A close examination of the arguments to ban dancehall music.
Dancehall is a genre of music born during the 1970s in Jamaica. Dancehall, also referred to as “bashment”, should not be confused with reggae. Whereas reggae music, which is influenced by ideologies of Rastafarianism touches on many socio-economic and political issues, dancehall is characterized by faster rhythms and high energy dance moves. Dancehall is a trademark of Jamaican culture. Many persons visiting Jamaica often speak of the unique experience of attending a “bashment” or street party. Dancehall has also influenced many mainstream artistes such as Rihanna on her song “Work,” Drake, Alicia Keys and Jazmine Sullivan. Beyonce, on numerous occasions, has also performed dance moves such as the “dutty wine” which is a dancehall dance. Beyond influencing international artists, dancehall music sometimes bring awareness to the socio-economic and political struggles facing Jamaicans. It often serves as a voice for the oppressed. Dancehall is woven into the fiber of Jamaican society and influences fashion, personal style, dance, slangs and everyday life.
In recent times, there have been calls to ban dancehall music from the airways primarily because of the subject matter of the songs. The lyrics are undeniably vulgar, homophobic, profanity ridden and promote violence, drug use, criminal activity and promiscuity. Beyond the music, some persons have criticised the dances that accompany the songs. Dances such as “daggering,” “puppy tail” and “dutty wine” are viewed as degrading to women, barbaric and disrespectful. Moreover, opponents of the art form have pointed out the fact that children are part of the public audience and such lyrics erode the moral fibre of young people. Notable actions following these complaints include the banning of certain dancehall artistes from travelling to some countries, and there is some suggestion that overseas opportunities, primarily in the United States and the United Kingdom, are becoming less for dancehall artistes. However, dancehall artistes remain unapologetic about the messages of their songs. Additionally, many Jamaicans believe that there is a conspiracy to suppress the art form.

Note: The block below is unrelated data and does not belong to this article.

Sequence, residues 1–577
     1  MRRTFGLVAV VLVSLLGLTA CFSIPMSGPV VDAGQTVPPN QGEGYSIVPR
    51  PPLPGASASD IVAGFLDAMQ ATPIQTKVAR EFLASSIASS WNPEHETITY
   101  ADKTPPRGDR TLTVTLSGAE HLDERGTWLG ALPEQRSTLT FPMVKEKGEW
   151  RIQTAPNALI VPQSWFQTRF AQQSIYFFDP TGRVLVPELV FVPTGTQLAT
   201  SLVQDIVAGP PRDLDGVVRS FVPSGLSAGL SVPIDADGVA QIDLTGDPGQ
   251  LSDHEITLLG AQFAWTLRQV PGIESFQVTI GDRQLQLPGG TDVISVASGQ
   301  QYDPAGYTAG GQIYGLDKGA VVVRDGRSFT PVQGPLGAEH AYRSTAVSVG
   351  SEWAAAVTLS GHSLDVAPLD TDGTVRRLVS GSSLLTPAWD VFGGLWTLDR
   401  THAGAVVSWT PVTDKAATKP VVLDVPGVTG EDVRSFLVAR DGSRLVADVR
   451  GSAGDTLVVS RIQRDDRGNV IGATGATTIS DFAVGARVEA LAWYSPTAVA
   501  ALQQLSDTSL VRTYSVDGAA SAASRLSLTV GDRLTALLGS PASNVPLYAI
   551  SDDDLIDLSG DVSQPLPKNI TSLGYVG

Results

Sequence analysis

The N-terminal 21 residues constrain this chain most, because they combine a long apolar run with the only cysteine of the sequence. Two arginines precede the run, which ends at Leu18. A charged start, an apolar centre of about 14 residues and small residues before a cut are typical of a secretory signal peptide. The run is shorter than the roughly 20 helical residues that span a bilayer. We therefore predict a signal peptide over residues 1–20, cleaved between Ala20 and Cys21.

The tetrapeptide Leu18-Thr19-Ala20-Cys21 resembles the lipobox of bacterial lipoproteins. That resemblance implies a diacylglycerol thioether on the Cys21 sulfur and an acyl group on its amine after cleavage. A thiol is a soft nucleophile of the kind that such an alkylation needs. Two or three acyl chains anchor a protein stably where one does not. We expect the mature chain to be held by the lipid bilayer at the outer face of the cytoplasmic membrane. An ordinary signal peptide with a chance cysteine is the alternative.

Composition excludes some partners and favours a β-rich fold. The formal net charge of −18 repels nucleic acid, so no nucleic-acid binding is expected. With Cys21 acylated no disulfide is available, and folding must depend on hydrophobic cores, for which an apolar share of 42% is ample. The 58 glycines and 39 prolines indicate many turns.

Although there is merit to these arguments, one must ask whether in lobbying to ban dancehall music, are we active participants in cultural erasure? It is undeniable that the nice grooves and mellow vibes of dancehall's past have morphed in different ways inside contemporary dancehall. However, culture is dynamic, culture adapts and changes over time, and dancehall has changed overtime. Moreover, we must also ask, if a form of cultural expression is offensive to some groups in society, should it be banned entirely? The culture of a society is often misunderstood and frowned upon by persons as a result of ethnocentrism or ignorance. However, it does not change the fact that it is the lived reality of a group of people. Regardless of which side of the argument you are on, one thing remains, dancehall music ignites interest, triggers curiosity and fuels some form of emotional reaction whether outrage, shock or joy.